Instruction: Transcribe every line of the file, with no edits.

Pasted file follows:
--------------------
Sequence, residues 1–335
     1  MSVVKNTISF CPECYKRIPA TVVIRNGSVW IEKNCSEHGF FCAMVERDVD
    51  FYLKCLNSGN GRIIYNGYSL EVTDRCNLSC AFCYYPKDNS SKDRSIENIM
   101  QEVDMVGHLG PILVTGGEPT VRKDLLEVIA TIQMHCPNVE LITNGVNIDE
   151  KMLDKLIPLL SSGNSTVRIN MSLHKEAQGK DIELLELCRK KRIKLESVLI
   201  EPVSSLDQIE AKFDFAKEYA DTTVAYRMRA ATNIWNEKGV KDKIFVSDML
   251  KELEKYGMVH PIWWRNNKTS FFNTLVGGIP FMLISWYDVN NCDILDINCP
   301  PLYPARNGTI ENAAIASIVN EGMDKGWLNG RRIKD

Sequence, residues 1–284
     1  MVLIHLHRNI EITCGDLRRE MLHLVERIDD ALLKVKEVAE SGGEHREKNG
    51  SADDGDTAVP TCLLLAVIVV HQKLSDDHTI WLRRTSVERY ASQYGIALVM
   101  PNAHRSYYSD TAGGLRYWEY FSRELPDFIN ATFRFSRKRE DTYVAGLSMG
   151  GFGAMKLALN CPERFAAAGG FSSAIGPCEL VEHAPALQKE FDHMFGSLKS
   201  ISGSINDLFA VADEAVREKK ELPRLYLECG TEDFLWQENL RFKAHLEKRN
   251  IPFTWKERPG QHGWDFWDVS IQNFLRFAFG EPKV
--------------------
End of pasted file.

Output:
Sequence, residues 1–335
     1  MSVVKNTISF CPECYKRIPA TVVIRNGSVW IEKNCSEHGF FCAMVERDVD
    51  FYLKCLNSGN GRIIYNGYSL EVTDRCNLSC AFCYYPKDNS SKDRSIENIM
   101  QEVDMVGHLG PILVTGGEPT VRKDLLEVIA TIQMHCPNVE LITNGVNIDE
   151  KMLDKLIPLL SSGNSTVRIN MSLHKEAQGK DIELLELCRK KRIKLESVLI
   201  EPVSSLDQIE AKFDFAKEYA DTTVAYRMRA ATNIWNEKGV KDKIFVSDML
   251  KELEKYGMVH PIWWRNNKTS FFNTLVGGIP FMLISWYDVN NCDILDINCP
   301  PLYPARNGTI ENAAIASIVN EGMDKGWLNG RRIKD

Sequence, residues 1–284
     1  MVLIHLHRNI EITCGDLRRE MLHLVERIDD ALLKVKEVAE SGGEHREKNG
    51  SADDGDTAVP TCLLLAVIVV HQKLSDDHTI WLRRTSVERY ASQYGIALVM
   101  PNAHRSYYSD TAGGLRYWEY FSRELPDFIN ATFRFSRKRE DTYVAGLSMG
   151  GFGAMKLALN CPERFAAAGG FSSAIGPCEL VEHAPALQKE FDHMFGSLKS
   201  ISGSINDLFA VADEAVREKK ELPRLYLECG TEDFLWQENL RFKAHLEKRN
   251  IPFTWKERPG QHGWDFWDVS IQNFLRFAFG EPKV